KALRO-Katumani improving sorghum productivity in arid and semi-arid lands

Kamene Kisilu and Luvai Mutisya, Photograph by Atabachi Ayemba

In most sub-Sahara Africa, insects including bollworm (Helicoverpa armigera[Hubner.]) and birds cause high yield loss of Sorghum bicolor(L.) grain in field if no control options are applied. KALRO through its Centre at Katumani mandated to carry out research and socioeconomic development in arid and semi arid lands (ASAL) under the auspices of the European Unions’ ARPS Project has, in a participatory manner with selected farmers, carried out field studies to find solutions to these challenges. Among the approaches used are those practiced by farmers and jointly improved by farmers and KALRO.


Bollworm damage on sorghum at soft                  Sorghum damaged (attacked) by birds 
dough grain stage                                                 at hard dough grain stage


To ensure that knowledge, information and experiences gained are widely shared and adapted to different regions, the Project routinely sensitises farmers in different parts of the mandate counties of its improved technologies.

One such event was in a series of field visits in Makueni (Itangine in Kampi-Mawe), Kitui (Ithookwe) and Machakos (at Kambi-ya-Ndeke) Counties of the semi-arid eastern Kenya on the ravages caused by different species of birds and bollworms on sorghum between 11 and 14 July 2016. During the visits, farmers were visually shown different types of sorghums and destructive bollworms and birds, which they very quickly identified, and possible ways of avoiding the damage caused by the pests.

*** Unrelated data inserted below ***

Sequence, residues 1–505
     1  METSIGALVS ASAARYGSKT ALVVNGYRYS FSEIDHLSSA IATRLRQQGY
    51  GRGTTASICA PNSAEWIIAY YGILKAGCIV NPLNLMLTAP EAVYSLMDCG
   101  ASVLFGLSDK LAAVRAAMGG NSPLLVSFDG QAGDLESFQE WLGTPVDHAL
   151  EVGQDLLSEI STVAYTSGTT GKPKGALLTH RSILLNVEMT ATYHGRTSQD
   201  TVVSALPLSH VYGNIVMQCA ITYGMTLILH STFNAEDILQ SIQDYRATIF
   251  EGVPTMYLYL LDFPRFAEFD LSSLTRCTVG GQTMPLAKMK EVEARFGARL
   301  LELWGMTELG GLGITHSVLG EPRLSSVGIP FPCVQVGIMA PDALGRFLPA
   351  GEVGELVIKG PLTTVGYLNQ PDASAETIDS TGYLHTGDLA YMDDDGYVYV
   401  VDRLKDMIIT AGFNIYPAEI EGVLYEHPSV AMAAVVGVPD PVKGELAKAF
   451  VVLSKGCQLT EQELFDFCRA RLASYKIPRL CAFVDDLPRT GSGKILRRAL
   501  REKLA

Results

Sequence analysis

Gadam and KARI Mtama 1 Sorghum                            Framer training at Kithimani on: sorghum 
varieties soft dough stage for harvest to                        early harvest to prevent bird damage.
prevent bird damage 

Eighty-four farmers in Kitui, Makueni and Machakos (Kithimani) have expressed desire to go back to sorghum production for food security and increased farm incomes.